Community Philosphy Blog and Library

HOMEGROWN Life: The state of sustainable agriculture in the United States

 

 

 

 

 

That’s a hefty headline.  Let’s see if I’m qualified to write about it.

The state of sustainable agriculture is strong.  The very fact that it exists at all is a huge step forward compared to fifteen years ago.  We have an engaged customer base that understands the need for a change in the way food is produced in this country — largely due to the proliferation of documentaries like “Food Inc”, “Fast Food Nation”, “King Corn”, and “Super Size Me”.  Those are the films that broke through the American collective consciousness and propelled many consumers to change the way that they eat, the way they shop, and the way they think about food.  The books that led to the movies were “Fast Food Nation”, “The Omnivore’s Dilemma”, and “In Defense of Food”.

Those were the biggies, but there were many others and we have had a lot of credible folks from around the world weighing in on the subject like Jane Goodall,  Prince Charles from the U.K., Alice Waters – our own top chef from Berkeley,  the rockers from Farm Aid – we especially remember Neil Young leading the chant about No Factory Farms – in response to the amount of C.A.F.O.s flooding our countryside.  We were even lucky enough to have Paul and Nell Newman giving early credence to the subject further solidifying organic agriculture in the American consciousness.   We had our own pioneering organic gurus who never gave up from the sixties and seventies like Elliot Coleman, the folks at The Rodale Institute and Mother Earth News.   I may have missed some crucial components here, but the point is made.  Without the commitment of early pioneers in the U.S. we would never have been where we are now.

Ramping up production is always the hard part.  In the industrial agriculture world, we have a system in place in the U.S. that is probably the largest in the world to help support and maintain agriculture in this country:

  • We have land grant universities in every state that are chartered by the government to do agricultural research and development.
  • We have an extensive agriculture extension service that is designed to take that knowledge and give instruction in our counties and towns and to educate farmers and producers about new methods of agriculture.
  • We have agricultural co-ops in place across the farm belt to help farmers receive lower prices for commodities and where they also have access to less expensive equipment and services that they otherwise would have to pay more for.
  • In the Farm Bill legislation, we have direct payments made to farmers to encourage them to produce the most commonly used crops in this country, and we (the tax payer) even help them have less expensive crop insurance so that they can all afford it and to ensure they will buy it.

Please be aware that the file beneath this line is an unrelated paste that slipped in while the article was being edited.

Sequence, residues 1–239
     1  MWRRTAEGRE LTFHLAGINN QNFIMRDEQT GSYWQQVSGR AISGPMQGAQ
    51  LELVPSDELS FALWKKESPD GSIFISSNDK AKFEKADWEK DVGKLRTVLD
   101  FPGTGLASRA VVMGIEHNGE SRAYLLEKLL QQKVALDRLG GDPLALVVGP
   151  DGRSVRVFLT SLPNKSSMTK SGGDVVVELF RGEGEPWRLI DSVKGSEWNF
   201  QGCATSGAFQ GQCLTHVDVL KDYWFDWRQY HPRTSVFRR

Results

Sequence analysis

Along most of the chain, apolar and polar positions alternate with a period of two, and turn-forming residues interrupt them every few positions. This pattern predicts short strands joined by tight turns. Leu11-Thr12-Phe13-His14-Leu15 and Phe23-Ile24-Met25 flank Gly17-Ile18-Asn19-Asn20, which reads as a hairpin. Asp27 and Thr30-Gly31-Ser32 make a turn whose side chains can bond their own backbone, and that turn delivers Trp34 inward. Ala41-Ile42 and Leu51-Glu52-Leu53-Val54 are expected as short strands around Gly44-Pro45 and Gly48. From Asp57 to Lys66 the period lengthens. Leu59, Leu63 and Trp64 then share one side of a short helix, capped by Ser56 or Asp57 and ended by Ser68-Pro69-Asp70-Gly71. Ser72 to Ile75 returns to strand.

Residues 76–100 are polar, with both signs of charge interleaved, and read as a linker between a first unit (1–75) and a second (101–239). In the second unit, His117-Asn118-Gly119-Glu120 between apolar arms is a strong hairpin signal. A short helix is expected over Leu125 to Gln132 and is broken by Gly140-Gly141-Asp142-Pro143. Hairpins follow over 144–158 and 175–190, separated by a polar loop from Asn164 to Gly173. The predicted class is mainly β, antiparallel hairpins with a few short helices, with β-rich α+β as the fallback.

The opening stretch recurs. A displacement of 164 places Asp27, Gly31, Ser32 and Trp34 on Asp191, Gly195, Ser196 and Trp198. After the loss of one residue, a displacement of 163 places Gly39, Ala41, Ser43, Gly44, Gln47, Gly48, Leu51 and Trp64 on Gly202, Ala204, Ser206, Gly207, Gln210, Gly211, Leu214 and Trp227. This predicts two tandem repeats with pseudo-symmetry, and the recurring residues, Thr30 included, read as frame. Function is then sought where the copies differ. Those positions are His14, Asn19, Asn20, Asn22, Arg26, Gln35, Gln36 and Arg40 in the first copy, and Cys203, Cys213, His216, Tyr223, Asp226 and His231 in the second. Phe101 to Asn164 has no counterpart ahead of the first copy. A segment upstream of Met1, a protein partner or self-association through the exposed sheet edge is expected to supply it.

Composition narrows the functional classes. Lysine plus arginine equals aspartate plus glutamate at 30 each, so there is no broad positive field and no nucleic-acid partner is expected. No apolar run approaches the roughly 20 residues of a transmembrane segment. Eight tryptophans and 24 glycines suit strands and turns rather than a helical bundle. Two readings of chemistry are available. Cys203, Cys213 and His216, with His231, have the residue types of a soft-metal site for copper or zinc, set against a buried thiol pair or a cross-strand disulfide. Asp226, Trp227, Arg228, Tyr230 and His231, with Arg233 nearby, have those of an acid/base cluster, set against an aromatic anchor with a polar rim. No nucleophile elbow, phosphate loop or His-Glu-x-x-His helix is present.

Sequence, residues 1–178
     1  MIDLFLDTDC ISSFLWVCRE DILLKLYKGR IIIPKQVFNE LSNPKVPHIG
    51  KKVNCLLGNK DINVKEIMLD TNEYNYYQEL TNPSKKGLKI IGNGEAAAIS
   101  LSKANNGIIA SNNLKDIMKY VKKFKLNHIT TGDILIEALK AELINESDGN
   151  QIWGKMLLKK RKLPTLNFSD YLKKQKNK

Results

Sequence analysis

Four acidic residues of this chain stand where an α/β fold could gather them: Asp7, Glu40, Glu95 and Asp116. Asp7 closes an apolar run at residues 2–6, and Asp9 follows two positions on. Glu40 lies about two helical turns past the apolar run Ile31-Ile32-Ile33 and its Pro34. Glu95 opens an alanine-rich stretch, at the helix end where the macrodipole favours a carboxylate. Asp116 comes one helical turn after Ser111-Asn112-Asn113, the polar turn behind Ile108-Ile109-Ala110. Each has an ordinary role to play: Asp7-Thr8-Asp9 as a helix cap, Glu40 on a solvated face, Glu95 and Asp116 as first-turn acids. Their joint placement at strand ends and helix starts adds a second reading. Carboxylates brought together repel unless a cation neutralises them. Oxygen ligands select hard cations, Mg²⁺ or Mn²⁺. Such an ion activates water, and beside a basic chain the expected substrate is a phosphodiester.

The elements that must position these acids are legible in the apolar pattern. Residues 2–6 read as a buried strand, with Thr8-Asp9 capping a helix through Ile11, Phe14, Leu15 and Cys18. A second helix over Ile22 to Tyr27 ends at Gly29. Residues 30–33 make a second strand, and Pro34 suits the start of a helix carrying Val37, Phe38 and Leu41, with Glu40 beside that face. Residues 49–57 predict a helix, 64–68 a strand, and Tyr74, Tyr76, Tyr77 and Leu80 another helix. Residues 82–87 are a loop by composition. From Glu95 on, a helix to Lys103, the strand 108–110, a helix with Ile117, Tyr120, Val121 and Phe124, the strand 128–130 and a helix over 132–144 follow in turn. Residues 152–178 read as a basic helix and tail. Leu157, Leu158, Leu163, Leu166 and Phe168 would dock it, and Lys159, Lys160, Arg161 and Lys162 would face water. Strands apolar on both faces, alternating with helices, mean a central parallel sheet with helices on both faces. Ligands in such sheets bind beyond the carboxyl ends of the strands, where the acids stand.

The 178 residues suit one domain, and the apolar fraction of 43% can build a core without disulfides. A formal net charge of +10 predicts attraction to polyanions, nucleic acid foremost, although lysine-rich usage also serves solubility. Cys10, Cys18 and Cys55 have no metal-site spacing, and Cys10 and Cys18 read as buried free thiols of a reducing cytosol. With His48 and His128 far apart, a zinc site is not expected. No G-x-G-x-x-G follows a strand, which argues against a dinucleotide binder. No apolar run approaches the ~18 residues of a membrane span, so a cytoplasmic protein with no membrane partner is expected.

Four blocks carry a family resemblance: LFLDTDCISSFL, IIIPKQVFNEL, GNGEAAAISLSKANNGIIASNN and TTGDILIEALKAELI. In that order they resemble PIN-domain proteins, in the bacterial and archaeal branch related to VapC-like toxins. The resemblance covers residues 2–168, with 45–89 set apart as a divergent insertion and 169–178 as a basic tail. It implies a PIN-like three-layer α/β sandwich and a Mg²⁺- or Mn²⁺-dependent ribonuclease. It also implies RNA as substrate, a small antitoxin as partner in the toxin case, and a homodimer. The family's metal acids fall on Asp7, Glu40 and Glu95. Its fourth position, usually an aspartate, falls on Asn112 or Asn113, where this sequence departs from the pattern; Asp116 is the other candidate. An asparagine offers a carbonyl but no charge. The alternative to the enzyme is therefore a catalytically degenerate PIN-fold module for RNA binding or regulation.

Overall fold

• With all of these programs in place it’s still not easy.  Producers in the areas of agriculture not directly supported by the farm bill have it especially tough.  These producers are locked into the commodities market and have the hardest row to hoe due to unpredictable and wildly fluctuating prices.

So imagine, in the world of sustainable agriculture, how hard it is to build a new system in this country from the ground up with none of the supports listed above.  Not only do we not have those structures in place for sustainable agriculture, but we also have to compete against the above system in the market place.  The prices of “conventional” foods seem to be less expensive, although the savvy consumers understand that they’re paying for the price difference through their tax dollars.

It is amazing that even with the deck stacked against it, organic production and purchasing is still growing in this country.   To me, that means the future looks bright.  If we could get some more programs in place to help encourage sustainable agriculture in this country, the same way we encourage industrial agriculture, or if we just level the playing field so that sustainable and industrial can compete  on fair terms, it seems obvious that you will see sustainable agriculture thrive.   The very nature of sustainability means that it is more cost efficient.   The “closed loop” systems that we use where fewer off-farm inputs are purchased will allow us to thrive and compete and win the market share in today’s more educated consumer marketplace.

 

Dave Ring along with his wife Sara owns a small organic vegetable and egg farm in East Central Indiana.  In May of 2007 they opened the Downtown Farm Stand, a local organic grocery store.  The store has grown to include a “made from scratch” deli restaurant, and a full grocery store selection.  They are active in the community and have founded a local Slow Food Chapter, and are constantly looking for ways to advance a local, sustainable, and organic food system.

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One Response to “HOMEGROWN Life: The state of sustainable agriculture in the United States”

  1. Caroline Says:

    Hi Dave,

    Thanks for this entry! I agree that the good food movement its growing and I can see it sprouting up in restaurants, schools, the media, and throughout the food system more and more often. While at times the state of agriculture in the U.S. can be frustrating, especially with an impending Farm Bill, the hope springs eternal for the future of farming! Thanks for mentioning all of the terrific resources that helped get this movement off the ground and onto the shelves (literally)! It’s folks like you that will help sustain the future of sustainable ag!

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